Jackman had to shed a considerable amount of bulk for the film. When Valjean appears in the opening scene he is emaciated, confined to a penal colony for a minor crime. He toils away beneath the watchful eye of Javert, the harsh enforcer who will become his nemesis and is played with steely authority by Russell Crowe.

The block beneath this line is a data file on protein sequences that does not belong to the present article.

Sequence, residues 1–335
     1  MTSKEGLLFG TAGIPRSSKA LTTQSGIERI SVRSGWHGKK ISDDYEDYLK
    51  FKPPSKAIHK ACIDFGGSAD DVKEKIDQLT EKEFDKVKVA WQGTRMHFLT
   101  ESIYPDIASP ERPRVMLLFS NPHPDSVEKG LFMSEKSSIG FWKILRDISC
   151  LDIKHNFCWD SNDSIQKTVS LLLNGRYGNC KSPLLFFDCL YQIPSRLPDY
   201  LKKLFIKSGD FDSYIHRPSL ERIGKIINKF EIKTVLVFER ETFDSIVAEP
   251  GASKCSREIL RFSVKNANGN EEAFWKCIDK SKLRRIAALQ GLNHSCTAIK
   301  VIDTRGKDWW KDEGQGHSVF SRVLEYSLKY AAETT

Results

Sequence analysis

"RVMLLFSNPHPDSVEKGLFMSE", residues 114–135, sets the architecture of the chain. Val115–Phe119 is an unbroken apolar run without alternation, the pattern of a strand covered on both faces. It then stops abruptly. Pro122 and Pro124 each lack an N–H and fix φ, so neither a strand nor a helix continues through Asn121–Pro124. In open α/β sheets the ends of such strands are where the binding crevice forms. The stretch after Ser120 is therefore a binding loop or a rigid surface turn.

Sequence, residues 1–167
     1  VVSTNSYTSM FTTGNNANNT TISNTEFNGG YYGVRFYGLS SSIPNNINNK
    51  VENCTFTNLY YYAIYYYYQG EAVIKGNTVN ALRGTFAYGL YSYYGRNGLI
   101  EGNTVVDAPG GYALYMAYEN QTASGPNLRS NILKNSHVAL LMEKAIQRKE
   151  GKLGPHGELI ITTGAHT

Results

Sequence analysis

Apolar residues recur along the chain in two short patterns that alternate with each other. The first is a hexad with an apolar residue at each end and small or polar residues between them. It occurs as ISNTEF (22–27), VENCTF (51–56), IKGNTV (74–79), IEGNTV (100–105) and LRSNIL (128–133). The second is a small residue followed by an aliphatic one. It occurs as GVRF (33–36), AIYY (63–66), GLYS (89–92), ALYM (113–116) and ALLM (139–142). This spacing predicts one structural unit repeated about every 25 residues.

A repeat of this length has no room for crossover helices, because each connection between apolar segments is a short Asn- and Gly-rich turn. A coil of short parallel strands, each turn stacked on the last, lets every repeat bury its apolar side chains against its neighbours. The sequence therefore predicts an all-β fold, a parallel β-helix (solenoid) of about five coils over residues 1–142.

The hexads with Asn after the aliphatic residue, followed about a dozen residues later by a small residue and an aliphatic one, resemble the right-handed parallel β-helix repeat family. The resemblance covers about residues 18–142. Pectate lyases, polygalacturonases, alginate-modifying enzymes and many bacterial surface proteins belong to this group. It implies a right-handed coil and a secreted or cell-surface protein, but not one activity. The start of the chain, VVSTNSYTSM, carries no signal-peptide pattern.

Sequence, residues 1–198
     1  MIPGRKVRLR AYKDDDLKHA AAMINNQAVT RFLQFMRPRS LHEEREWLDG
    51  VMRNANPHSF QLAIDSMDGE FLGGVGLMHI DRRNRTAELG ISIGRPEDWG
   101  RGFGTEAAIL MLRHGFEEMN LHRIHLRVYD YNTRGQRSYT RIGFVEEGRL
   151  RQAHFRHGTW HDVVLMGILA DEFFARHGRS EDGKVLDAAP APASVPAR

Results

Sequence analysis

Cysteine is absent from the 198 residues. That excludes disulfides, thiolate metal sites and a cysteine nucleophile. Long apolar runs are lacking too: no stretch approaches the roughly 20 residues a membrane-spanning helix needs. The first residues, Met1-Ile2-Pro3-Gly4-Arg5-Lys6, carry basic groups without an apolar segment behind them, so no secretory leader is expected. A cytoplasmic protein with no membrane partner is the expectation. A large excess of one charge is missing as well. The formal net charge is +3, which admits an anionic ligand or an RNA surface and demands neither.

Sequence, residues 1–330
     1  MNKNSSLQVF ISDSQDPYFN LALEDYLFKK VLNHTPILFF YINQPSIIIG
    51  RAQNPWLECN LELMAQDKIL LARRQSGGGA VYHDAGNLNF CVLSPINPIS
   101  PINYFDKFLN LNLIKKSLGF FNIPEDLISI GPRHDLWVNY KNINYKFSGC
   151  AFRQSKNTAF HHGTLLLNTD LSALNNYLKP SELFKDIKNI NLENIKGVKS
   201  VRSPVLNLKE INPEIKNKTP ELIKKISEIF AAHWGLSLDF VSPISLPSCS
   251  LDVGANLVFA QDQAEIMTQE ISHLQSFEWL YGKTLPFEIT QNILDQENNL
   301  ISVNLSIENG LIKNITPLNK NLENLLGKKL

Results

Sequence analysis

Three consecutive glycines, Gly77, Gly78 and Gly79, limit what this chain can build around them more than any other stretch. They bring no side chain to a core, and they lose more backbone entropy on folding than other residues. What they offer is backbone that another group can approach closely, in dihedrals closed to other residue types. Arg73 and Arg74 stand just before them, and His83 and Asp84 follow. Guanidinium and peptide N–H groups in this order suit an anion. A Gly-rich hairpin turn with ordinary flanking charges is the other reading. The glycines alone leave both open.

The actors rehearsed for nine weeks and once production was underway in London in April 2012, there was a strict regime to follow. Jackman has taken singing lessons in New York for the past 10 years but admits the requirements on Les Misérables were arduous. “We trained hard and took lessons at the end of long rehearsal days. I didn’t drink coffee because it dehydrates you and I consumed six or seven litres of water every day to keep my voice in good shape. The most terrifying thing for all of us was [the notion of] waking up with a cold.” What made everything that much tougher was the fact Hooper and producer Cameron Mackintosh decided early on to shoot the songs live. “There were a lot of takes,” says Jackman. “I would say it got into the teens to 20 for the big songs. Tom let us go for it and for instance he told Eddie [Redmayne] his rendition of Empty Chairs At Empty Tables was fine after seven takes, but I believe it’s take 21 that was in the film.